She saw the tears swim in her aunt’s eyes, and somehow she felt betrayed. Now she can cry? Plead? Hadn’t she done the same thirteen years ago? Begged her to believe her and not her evil, perverted husband?
Now she wants to play the victim with her crocodile tears. Boiling anger drove through her like a rampaging volcano.
“Tell me… Aunty, what are you sorry for? – For choosing to believe your husband instead of your seventeen year old niece, hmm? Her eyes blazed with fury. “For accusing her of seduction, instead of protecting her from abuse? For throwing her out of your home with no hope of where else to go?” Her lips curled in disdain. “What are you sorry for, dear Aunty?”
“For all of those and more.” Maryanne replied, tears slipping down her cheeks. “For allowing my weak love, my self-centeredness, shallow pride blind me to my responsibility toward my own niece.”
Maryanne’s voice was low and anguished. But the bitter anger and malice that squeezed Valerie’s heart hardened against any form of compassion.
“I begged you to believe in me, to defend me.” She spat out through clenched teeth. “But you ignored me. You chose to believe a man you saw trying to force himself on me.”
“And I will never forgive myself for that despicable, weak judgement.” Maryanne’s voice was filled with self-contempt. “I saw the signs and yet denied them. Refused to believe them because I was too scared to believe what I’d really seen. Too afraid to be left alone.”
“You were scared of being left alone?” Valerie demanded, her tone contemptuous. “And what about me? I was left alone to fend for myself on the streets of Lagos – a seventeen year old teenager! I had to beg to feed and survive, until a woman saw me and hired me as her shopkeeper. I had to save every dime I made, to buy a form and apply for admission.”
Maryanne allowed the contempt and condemnation to sear through her, wound her, punish her. She deserved even worse.
Valerie pushed back into the sofa, drew a deep breath to stop her tirade. “Anyway, all that is water under bridge. I’m just surprised he permitted you to come see me? Or did you steal away from home… lie so as to come here?”
Like her contemptuous tone, her sneering voice cut deep. But Maryanne merely laughed. “No.” She shook her head. “I didn’t have to hide or lie… I didn’t need his permission. I’ve left him.”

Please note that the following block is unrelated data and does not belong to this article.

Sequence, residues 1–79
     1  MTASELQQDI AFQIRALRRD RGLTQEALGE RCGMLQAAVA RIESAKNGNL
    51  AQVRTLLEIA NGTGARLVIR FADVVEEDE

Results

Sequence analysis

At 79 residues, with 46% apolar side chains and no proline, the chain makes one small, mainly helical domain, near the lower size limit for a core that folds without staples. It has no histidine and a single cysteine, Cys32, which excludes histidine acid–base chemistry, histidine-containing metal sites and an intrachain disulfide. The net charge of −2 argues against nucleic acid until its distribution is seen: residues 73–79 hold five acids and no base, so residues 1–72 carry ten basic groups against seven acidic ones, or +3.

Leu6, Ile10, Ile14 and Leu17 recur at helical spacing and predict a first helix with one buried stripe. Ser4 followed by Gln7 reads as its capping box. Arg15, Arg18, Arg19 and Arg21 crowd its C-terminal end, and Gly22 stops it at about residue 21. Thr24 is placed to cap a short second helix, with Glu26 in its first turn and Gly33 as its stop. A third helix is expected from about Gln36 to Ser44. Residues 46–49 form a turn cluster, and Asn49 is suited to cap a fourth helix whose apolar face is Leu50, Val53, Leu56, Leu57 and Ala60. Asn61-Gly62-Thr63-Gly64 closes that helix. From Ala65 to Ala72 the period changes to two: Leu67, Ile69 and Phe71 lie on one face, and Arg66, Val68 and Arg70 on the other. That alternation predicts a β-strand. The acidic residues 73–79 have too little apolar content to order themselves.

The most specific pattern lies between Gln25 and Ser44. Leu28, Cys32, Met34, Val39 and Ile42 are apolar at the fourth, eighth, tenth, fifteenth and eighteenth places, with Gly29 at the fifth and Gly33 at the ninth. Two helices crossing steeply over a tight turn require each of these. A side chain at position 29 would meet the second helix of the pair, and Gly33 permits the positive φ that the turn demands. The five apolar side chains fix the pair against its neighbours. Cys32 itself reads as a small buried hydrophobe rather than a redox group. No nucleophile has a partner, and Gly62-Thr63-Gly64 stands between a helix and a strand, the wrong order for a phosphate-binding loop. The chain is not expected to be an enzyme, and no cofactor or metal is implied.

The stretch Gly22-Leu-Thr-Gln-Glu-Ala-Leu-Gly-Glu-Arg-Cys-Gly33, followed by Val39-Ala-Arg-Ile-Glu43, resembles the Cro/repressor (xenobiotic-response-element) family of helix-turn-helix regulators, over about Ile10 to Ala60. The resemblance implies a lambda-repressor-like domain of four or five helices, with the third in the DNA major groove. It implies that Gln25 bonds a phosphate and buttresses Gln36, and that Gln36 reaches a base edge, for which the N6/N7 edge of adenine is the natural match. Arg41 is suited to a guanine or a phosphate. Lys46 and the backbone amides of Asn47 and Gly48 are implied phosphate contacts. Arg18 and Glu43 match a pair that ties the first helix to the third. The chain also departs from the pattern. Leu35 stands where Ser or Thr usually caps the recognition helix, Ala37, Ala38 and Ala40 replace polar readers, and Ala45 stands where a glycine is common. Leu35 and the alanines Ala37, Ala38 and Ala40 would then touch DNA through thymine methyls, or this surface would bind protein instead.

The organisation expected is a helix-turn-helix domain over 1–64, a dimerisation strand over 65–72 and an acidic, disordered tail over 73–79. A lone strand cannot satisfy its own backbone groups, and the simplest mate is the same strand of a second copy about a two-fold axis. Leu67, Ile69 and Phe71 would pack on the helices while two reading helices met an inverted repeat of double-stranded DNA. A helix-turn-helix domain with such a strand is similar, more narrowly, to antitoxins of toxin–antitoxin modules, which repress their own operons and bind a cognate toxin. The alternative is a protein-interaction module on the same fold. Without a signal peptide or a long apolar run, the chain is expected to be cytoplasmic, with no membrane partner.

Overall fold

Valerie sat up, surprise clearing the disdain in her eyes. “Oh.”
“Yes, I finally found the courage to do what I should have done years ago.”
Maryanne’s hoarse laugh was short and derisive. “He impregnated my maid and was accused of abusing my neighbour’s teenage daughter.”
She shook her head in self-derision. “It wasn’t the first of such accusations. He’d been accused of molesting teenage girls in the neighbourhood, but it was the first time any of the girls had been just thirteen.” She picked up her juice with shaky hands and gulped.
Valerie wasn’t entirely surprised – a leopard never changes its colours – she wasn’t surprised… but she was hurt.
“It took him abusing and impregnating a thirteen year old to convince you he was a paedophile? So what if she’d been sixteen, or maybe seventeen, you’d have ignored it and continued living with him?”
“I don’t know.” Maryanne replied in a weary voice. “I don’t know. I don’t excuse my actions or try to justify them… I failed you. I was weak and stupid.” She met her scornful gaze.
“But after the Easter celebrations last year, when this happened, I just knew I couldn’t lie to myself anymore or expose the kids to such behaviour… so I left.”
She stretched out her hand to take Valerie’s, but if her quick withdrawal hurt her, she didn’t show, only simply smiled. “And in the past one year I’ve been seeking the courage to come ask your forgiveness.”
“I see.” Valerie sat up straight, cold aloofness returning to her eyes. “Well, I see you finally found that courage. If you don’t mind, I’ve a lot of work on my table and would like to get back to it.” She made to get up.
“Your Uncle Emeka’s death gave me the opportunity and the courage I’ve been seeking.”
“Uncle Emeka is dead?” Her eyes widened in shock.
“Yes. He’d been sick – cancer I was told – he died three weeks ago and his wake-keep and interment is billed for this weekend.”
Valerie stared at her aunt for a minute without a word.
Then rising to her feet, she strode stiffly out of the slowly filling hall, oblivious to the pain and remorse that filled Maryanne’s eyes as she watched her walk away.
To be continued…